Chin State

   One of Burma's 14 states and divisions, with an area of 36,019 square kilometers (13,907 square miles), and an estimated population in 2000 of 480,000 (1983 census figure: 368,949). The state capital is Haka (Hakha) (formerly, the capital was Falam). Chin State contains two districts (Falam and Mindat), subdivided into nine townships. The topography is characterized by rugged hills and deep valleys, and its highest point is Kaw Nu M'htung, which has two peaks over 10,000 feet high. Two important rivers, even though they are not navigable, are the Manipur and the Kaladan. Chin State is bounded on the east by Sagaing and Magwe (Magway) Divisions and on the south by Arakan (Rakhine) State. To the west, it has a long border with India and a shorter one with Bangladesh, which have been the sites of some insurgent activity.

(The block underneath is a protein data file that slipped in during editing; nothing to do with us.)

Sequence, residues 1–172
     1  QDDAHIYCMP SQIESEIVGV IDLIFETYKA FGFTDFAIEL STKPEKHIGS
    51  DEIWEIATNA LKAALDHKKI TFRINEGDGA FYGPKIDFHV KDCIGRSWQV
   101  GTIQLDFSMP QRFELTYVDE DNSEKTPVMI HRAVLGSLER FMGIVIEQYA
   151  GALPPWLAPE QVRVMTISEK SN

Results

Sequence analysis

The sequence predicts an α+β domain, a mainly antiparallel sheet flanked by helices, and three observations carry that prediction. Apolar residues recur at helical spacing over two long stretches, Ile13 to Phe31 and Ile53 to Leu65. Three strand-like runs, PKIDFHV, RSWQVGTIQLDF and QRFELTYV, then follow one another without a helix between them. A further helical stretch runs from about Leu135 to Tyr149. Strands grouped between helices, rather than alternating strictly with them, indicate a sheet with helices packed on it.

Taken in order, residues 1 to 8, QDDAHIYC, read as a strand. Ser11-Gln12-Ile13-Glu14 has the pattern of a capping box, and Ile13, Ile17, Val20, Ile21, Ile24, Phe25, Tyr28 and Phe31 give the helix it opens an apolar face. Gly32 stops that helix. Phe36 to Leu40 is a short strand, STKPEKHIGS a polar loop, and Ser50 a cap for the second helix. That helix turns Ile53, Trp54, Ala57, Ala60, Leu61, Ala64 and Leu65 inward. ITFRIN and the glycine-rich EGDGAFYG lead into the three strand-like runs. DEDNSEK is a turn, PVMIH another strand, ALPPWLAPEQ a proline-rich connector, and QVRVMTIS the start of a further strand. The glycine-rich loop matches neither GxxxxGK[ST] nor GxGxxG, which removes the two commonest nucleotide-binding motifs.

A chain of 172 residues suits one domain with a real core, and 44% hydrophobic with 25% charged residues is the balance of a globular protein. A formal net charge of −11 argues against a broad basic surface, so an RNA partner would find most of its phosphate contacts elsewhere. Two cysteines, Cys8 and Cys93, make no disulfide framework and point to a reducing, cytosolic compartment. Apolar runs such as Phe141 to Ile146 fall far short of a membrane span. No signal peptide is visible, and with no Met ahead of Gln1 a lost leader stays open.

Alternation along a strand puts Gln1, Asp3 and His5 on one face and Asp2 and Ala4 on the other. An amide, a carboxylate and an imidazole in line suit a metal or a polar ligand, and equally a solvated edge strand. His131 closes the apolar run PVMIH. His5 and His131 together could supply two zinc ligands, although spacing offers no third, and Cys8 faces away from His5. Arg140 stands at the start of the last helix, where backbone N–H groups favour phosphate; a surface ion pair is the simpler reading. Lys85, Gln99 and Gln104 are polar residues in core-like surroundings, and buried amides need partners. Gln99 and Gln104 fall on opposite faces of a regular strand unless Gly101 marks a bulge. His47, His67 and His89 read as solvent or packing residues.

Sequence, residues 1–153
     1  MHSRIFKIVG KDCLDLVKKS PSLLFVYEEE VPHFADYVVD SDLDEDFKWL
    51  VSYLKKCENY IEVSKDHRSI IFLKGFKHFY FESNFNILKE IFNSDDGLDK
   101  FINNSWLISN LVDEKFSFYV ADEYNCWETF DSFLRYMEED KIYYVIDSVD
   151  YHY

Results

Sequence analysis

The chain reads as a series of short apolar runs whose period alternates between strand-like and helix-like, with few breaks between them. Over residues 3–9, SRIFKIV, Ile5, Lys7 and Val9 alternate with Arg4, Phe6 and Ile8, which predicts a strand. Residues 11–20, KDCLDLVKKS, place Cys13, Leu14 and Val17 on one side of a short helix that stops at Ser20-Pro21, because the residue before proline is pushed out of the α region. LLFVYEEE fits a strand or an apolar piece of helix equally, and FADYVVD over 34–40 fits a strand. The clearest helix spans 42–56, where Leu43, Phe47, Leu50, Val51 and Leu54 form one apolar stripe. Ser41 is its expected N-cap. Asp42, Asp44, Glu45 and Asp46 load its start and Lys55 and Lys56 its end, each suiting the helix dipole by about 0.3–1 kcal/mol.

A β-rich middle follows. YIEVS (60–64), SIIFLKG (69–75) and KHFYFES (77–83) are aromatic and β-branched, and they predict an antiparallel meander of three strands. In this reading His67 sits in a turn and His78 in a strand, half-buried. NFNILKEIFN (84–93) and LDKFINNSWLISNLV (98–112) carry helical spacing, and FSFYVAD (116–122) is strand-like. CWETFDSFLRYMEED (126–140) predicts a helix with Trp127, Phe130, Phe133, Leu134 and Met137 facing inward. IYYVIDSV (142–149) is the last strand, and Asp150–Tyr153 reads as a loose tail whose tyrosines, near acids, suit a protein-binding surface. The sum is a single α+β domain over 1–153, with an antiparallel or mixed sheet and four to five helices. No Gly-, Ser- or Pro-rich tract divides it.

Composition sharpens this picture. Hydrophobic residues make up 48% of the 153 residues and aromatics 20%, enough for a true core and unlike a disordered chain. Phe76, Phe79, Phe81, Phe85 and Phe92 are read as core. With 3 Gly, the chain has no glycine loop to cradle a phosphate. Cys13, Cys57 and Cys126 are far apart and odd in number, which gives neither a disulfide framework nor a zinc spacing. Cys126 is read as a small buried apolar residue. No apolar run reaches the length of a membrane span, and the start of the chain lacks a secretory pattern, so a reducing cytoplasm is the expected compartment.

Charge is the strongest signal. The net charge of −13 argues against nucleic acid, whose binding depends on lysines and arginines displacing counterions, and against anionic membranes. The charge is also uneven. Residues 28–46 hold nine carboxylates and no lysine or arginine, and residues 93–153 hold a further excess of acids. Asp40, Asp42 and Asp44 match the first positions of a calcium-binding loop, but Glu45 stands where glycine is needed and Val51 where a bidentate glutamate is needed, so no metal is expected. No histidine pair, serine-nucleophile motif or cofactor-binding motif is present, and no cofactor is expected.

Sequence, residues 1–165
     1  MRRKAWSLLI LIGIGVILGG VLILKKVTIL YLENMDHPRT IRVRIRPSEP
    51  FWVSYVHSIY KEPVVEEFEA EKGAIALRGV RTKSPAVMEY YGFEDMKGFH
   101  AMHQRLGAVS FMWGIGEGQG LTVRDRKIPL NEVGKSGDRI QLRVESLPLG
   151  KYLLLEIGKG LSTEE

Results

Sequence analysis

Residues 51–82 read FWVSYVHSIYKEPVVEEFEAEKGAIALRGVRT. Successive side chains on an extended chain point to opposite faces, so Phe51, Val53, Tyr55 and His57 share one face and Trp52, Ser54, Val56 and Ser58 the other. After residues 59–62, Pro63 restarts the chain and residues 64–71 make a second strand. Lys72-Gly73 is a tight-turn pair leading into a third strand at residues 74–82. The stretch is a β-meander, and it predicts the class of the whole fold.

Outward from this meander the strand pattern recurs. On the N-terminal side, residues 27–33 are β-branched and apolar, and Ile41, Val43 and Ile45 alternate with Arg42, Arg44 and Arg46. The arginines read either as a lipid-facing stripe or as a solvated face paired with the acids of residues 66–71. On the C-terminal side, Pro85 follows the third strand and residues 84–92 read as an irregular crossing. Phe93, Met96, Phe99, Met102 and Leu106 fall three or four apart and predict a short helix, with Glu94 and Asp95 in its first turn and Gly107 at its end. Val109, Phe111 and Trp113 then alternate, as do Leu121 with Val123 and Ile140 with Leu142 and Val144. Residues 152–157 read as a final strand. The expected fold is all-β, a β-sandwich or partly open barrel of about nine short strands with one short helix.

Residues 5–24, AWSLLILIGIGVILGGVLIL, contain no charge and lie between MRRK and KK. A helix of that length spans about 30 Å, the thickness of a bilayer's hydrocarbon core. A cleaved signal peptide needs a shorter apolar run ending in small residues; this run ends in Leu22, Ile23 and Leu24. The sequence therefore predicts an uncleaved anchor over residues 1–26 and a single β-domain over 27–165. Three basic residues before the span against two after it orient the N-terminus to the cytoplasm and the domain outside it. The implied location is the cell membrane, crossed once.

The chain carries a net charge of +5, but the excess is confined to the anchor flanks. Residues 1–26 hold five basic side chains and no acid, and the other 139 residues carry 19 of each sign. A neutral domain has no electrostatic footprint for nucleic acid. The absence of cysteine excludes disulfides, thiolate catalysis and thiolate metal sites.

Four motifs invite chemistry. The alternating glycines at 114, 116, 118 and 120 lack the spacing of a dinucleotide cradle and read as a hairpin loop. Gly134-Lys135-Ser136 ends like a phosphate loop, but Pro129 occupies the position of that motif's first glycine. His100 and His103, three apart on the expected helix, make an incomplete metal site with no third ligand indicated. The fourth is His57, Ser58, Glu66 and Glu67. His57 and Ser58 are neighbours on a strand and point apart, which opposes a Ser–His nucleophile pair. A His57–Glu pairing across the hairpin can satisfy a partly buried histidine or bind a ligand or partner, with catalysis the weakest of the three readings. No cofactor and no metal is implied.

Ethnically, the Chins, who are subdivided into six major tribal groups and a much larger number of tribal and linguistic subgroups, are the majority, although there are some Burmans (Bamars) and Nagas; Arakanese (Rakhines) live in the southern part of the state. Croplands are not extensive because of the mountainous landscape, and shifting cultivation (taungya) is widespread. The region is heavily forested. The transportation and communication infra structure is poorly developed. Between independence in 1948 and implementation of the Constitution of 1974, Chin State was known as the Chin Special Division.

Historical Dictionary of Burma (Myanmar). . 2014.

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